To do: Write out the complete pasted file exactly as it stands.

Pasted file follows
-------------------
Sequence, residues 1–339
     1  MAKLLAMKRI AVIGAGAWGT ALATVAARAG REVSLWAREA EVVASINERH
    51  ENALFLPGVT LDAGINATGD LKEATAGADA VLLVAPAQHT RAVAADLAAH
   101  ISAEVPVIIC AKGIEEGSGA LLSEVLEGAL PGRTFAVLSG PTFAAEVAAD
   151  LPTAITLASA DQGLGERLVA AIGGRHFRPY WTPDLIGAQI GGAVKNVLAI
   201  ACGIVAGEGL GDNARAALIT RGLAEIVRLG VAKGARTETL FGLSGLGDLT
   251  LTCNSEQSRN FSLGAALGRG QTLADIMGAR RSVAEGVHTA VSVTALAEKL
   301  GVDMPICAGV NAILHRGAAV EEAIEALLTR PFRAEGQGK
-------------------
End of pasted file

Sequence, residues 1–339
     1  MAKLLAMKRI AVIGAGAWGT ALATVAARAG REVSLWAREA EVVASINERH
    51  ENALFLPGVT LDAGINATGD LKEATAGADA VLLVAPAQHT RAVAADLAAH
   101  ISAEVPVIIC AKGIEEGSGA LLSEVLEGAL PGRTFAVLSG PTFAAEVAAD
   151  LPTAITLASA DQGLGERLVA AIGGRHFRPY WTPDLIGAQI GGAVKNVLAI
   201  ACGIVAGEGL GDNARAALIT RGLAEIVRLG VAKGARTETL FGLSGLGDLT
   251  LTCNSEQSRN FSLGAALGRG QTLADIMGAR RSVAEGVHTA VSVTALAEKL
   301  GVDMPICAGV NAILHRGAAV EEAIEALLTR PFRAEGQGK